Socrates not only embodies the ideal of following the argument, of sacrificing a treasured opinion on the altar of consistency. He also points to a transcendent object, wisdom, or the Good, or whatever it is that grabs his attention in the doorway of Agathon’s symposium. He points this way by his neglect of wealth, family, and city. He converts Adeimantus and Glaucon, not with a promise of justice combined with social respectability, but with the promise of a realm of light beyond the shadows of the cave.
A thorny ambiguity lies in the concept of reasonableness. Are ideals reasonable? Is the pursuit of the transcendent to the neglect of all else reasonable? To follow reason means to follow the argument, yes, but does it also mean to accept things as they are, to follow convention? I suspect that Marks slips a bit into the latter danger. Reasonableness counsels us to accept things as they are, and here I have no argument. But to counsel acceptance without also appealing to the imagination is a counsel of despair. We also need to imagine grand possibilities for change. We need to speak the truth not only in light of circumstances but also in light of the wider scope of human possibility.
Consider a thinker that Marks and I both admire, Abraham Lincoln. His speeches embody the virtue of reasonableness. But the abolition of slavery, which he held as his object and which, in one view, he carried out ruthlessly, was hardly a reasonable goal. To be reasonable in the way his speeches suggest means simply to accept that half the country lives a life steeped to its eyeballs in brutal injustice. Such a pragmatic acceptance seemed preeminently reasonable, but now it shocks the conscience.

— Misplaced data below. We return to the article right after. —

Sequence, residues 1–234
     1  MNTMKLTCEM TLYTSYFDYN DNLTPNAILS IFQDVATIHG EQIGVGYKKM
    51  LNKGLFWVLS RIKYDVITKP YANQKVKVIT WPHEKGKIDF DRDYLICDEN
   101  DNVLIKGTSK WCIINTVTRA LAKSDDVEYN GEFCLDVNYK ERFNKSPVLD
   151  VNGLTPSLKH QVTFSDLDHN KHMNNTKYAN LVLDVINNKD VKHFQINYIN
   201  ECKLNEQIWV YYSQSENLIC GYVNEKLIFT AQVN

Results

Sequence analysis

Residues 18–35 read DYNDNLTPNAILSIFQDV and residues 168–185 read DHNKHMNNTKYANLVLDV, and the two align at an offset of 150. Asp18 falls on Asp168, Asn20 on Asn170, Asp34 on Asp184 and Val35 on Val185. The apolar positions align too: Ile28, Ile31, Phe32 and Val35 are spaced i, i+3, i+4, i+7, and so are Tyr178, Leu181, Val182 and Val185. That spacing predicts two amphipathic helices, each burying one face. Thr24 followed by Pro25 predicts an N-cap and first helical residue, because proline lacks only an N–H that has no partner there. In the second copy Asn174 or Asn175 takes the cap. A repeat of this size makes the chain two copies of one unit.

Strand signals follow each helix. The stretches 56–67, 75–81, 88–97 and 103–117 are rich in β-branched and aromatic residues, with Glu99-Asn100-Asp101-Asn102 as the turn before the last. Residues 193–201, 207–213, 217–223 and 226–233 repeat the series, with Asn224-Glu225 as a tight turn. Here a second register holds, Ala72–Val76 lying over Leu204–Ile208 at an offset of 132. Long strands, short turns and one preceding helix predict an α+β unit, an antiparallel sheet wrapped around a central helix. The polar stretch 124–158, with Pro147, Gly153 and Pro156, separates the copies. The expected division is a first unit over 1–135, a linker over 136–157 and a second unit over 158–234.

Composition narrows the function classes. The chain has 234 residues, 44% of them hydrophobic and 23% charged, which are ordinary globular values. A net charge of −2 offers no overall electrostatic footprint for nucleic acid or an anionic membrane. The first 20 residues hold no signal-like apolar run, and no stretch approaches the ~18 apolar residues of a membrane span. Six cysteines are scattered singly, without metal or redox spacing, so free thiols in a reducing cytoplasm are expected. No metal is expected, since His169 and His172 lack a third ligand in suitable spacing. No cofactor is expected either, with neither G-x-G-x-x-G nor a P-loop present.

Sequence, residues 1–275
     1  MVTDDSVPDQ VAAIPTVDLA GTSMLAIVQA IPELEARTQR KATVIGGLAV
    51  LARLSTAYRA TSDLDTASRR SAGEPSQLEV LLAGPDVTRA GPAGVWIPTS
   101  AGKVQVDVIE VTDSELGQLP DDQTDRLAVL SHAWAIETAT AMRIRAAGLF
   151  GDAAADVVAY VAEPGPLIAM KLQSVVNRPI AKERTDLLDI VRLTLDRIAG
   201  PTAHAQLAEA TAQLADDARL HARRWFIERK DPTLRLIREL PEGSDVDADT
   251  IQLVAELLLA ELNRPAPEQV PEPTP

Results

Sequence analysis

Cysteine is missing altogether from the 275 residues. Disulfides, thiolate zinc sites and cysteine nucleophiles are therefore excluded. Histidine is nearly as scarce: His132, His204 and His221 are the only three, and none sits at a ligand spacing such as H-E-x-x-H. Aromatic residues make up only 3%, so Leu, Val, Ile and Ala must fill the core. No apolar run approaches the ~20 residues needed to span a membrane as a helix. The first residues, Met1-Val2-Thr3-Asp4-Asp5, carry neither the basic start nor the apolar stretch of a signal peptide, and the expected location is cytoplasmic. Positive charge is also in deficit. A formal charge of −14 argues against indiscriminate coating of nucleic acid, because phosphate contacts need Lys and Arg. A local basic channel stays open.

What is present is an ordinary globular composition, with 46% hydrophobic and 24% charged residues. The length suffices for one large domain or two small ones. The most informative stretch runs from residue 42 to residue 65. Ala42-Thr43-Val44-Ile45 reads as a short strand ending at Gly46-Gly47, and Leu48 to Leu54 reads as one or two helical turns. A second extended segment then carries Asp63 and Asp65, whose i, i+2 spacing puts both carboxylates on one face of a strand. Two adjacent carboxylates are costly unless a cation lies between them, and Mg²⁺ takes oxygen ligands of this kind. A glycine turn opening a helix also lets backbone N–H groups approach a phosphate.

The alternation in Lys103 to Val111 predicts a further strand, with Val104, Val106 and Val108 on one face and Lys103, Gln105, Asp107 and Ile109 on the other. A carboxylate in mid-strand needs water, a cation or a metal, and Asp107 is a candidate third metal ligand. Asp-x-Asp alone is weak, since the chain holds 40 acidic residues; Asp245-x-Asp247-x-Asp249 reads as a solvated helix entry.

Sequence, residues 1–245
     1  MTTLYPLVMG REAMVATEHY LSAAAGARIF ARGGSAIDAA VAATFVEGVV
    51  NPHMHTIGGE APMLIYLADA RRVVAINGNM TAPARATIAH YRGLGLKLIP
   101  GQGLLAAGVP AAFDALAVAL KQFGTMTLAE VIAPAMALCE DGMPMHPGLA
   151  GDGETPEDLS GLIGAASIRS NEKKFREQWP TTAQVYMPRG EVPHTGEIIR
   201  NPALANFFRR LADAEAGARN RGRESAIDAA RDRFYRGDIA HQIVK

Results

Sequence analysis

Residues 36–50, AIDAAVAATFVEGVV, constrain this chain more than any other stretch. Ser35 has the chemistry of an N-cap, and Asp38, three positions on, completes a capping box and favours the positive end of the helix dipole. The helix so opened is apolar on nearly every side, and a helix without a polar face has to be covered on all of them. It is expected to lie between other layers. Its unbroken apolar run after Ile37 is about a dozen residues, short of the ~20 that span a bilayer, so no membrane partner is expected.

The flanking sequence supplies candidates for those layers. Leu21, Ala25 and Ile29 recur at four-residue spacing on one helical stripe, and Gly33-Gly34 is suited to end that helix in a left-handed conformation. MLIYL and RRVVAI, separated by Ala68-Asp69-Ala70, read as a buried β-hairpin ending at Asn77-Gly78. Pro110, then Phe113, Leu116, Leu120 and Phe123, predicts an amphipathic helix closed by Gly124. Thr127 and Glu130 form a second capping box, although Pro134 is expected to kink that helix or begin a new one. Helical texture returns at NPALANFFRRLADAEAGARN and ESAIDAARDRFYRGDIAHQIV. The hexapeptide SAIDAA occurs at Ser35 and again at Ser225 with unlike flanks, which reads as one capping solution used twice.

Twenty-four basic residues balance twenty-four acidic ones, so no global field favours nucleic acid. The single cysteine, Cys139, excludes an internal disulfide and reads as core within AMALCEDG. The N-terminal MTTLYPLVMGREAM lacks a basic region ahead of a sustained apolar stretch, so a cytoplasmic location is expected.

We may believe that Lincoln was truly reasonable and abolished slavery only when forced by necessity. Or we may believe that the prophetic abolitionists, wild-eyed crazies intoxicated with impracticable ideals, shaped his thought and actions. Certainly it is hard to imagine that Lincoln could have lived, and won, and governed without them.
The neglect of ideals is a problem for Marks’s project. But the book is invaluable all the same. Emotionally volatile characters like myself are easily tossed on the storms of manufactured drama. I have always sought out a colleague or two who counsel reason. Such colleagues are ports in the storm; they remind me that storms are not new and that attempting an honest conversation is always worthwhile. In his book, Marks volunteers himself as that colleague, and the result is a refreshing reminder of the promise and the possibility of real conversation.
Zena Hitz is a tutor at St. John’s College and the author of Lost in Thought: The Hidden Pleasures of an Intellectual Life.